The Los Angeles Economy Project is an undertaking of the Milken Institute in collaboration with the Economic Roundtable, Los Angeles Mayor's Office, Workforce Investment Board and Los Angeles Department of Water and Power.
The project identifies sources of underutilized labor within the city and the surrounding area, such as those with low skill levels and those in the informal economy, and determines ways to develop their skills and participate in the growth of the local economy.
The project also provides a better understanding of how to establish capital availability to small and medium-sized businesses, particularly in the inner city, and its key role in promoting job and business growth in Los Angeles. Integrating business, labor and capital will encourage growth among the city's numerous minority, women and small businesses and create policies that will improve workers' skills to benefit local industries and companies.
The project provides an important opportunity for the City of Los Angeles to assess and confront significant issues facing it in terms of a growing unskilled labor pool and the need to be more competitive with other parts of the country.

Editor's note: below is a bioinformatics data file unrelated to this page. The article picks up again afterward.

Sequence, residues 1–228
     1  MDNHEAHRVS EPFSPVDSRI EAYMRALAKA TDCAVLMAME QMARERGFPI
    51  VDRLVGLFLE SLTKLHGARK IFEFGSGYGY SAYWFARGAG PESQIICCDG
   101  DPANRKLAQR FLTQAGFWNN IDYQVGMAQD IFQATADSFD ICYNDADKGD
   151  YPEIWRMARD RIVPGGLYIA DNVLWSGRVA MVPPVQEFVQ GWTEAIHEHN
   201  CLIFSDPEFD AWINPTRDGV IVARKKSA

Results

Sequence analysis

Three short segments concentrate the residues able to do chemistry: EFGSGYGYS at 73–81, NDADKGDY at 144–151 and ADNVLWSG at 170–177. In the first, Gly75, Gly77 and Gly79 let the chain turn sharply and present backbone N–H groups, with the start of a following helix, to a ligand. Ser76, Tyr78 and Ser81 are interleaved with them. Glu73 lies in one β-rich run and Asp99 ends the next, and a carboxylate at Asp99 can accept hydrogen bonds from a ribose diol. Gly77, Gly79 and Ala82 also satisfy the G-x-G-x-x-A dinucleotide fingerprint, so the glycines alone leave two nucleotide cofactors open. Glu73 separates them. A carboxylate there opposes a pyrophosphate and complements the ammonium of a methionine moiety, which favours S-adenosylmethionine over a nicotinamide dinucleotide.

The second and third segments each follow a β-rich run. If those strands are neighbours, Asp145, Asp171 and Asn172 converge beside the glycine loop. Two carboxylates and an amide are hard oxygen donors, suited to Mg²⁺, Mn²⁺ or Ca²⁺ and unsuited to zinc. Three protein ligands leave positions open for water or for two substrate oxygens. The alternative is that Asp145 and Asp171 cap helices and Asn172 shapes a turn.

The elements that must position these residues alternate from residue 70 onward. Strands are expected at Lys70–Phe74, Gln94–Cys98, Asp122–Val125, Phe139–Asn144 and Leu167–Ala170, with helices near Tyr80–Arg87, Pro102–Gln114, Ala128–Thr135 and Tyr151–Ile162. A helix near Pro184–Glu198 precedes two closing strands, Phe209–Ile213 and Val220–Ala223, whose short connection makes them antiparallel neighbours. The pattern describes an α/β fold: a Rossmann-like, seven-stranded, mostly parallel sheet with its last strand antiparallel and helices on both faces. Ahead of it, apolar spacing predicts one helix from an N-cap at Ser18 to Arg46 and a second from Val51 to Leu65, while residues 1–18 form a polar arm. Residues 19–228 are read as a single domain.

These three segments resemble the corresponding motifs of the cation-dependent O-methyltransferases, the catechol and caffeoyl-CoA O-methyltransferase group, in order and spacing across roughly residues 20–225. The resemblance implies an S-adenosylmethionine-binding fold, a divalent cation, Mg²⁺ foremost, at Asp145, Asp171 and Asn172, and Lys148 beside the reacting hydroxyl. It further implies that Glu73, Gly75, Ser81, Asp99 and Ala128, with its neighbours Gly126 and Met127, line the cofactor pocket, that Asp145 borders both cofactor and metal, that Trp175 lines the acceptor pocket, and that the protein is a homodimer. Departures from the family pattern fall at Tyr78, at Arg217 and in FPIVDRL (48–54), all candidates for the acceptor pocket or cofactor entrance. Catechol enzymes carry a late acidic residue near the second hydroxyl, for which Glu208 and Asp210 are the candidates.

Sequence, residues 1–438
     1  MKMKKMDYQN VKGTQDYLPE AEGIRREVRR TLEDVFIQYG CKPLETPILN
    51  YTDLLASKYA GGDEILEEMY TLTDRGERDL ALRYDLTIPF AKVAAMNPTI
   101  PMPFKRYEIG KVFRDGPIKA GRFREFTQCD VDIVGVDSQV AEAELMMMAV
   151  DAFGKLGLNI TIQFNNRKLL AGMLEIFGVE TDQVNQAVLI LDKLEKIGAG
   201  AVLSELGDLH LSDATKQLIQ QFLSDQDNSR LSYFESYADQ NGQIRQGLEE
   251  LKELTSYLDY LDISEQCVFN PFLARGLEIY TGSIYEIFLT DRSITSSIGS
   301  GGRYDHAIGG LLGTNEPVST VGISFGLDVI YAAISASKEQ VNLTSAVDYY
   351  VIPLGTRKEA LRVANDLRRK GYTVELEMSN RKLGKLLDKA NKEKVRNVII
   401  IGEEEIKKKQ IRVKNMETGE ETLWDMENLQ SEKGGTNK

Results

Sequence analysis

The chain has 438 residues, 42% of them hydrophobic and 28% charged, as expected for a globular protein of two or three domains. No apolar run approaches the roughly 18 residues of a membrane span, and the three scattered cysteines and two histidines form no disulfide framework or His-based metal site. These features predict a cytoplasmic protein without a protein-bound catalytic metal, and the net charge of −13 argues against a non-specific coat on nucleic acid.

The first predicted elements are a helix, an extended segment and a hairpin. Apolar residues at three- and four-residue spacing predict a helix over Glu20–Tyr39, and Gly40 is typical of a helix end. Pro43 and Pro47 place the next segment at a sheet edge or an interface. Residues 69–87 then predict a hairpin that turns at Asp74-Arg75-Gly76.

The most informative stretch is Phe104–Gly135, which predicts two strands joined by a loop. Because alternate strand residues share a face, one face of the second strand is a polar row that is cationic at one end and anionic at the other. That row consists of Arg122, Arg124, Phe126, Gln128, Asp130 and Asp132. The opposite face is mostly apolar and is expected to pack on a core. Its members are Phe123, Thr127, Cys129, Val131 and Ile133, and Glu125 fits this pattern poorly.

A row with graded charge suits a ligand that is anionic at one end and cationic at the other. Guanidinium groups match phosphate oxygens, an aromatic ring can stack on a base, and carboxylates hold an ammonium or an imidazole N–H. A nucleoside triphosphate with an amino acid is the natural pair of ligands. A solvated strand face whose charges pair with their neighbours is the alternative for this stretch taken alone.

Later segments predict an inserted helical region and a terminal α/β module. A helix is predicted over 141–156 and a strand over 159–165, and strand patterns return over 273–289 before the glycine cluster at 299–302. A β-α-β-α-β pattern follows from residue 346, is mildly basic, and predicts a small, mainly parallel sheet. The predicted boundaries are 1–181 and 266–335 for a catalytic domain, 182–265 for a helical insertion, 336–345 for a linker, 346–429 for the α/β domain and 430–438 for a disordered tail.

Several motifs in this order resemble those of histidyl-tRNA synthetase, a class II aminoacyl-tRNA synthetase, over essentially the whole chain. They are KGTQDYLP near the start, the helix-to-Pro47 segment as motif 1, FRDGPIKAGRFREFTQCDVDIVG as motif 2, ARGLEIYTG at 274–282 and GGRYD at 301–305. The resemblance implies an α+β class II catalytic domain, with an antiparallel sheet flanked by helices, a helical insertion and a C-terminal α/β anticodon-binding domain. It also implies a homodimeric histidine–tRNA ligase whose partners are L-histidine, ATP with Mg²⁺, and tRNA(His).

I. Economic Base and Workforce Conditions of Los Angeles County 1982-2003: Major Industries in Focus
II. Comparison of Los Angeles County, Orange County and Ventura County
III. Los Angeles' Evolving Industry Structure: Economic Profile of Los Angeles City Planning Areas
IV. Comparison of Business Trends: Los Angeles City and the Surrounding County
V. An Analysis of Firm Size in Los Angeles City with Special Attention to Minority-Owned and Women-Owned Firms
VI. Capital Access Initiatives
VII. Entrepreneurship Training to Stimulate Small-Business Growth, Retention and Expansion
VIII. Labor Market Strengths and Weaknesses
IX. Hopeful Workers, Marginal Jobs
X. Workforce Development Initiatives
A separate publication with just the Executive Summary and Recommendations may also be ordered online. Go to the Executive Summary page.
L.A. Economy Project web site
For more information, including detailed statistics on each of the city's planning areas, and to view the chapters online, visit www.laeconomyproject.com.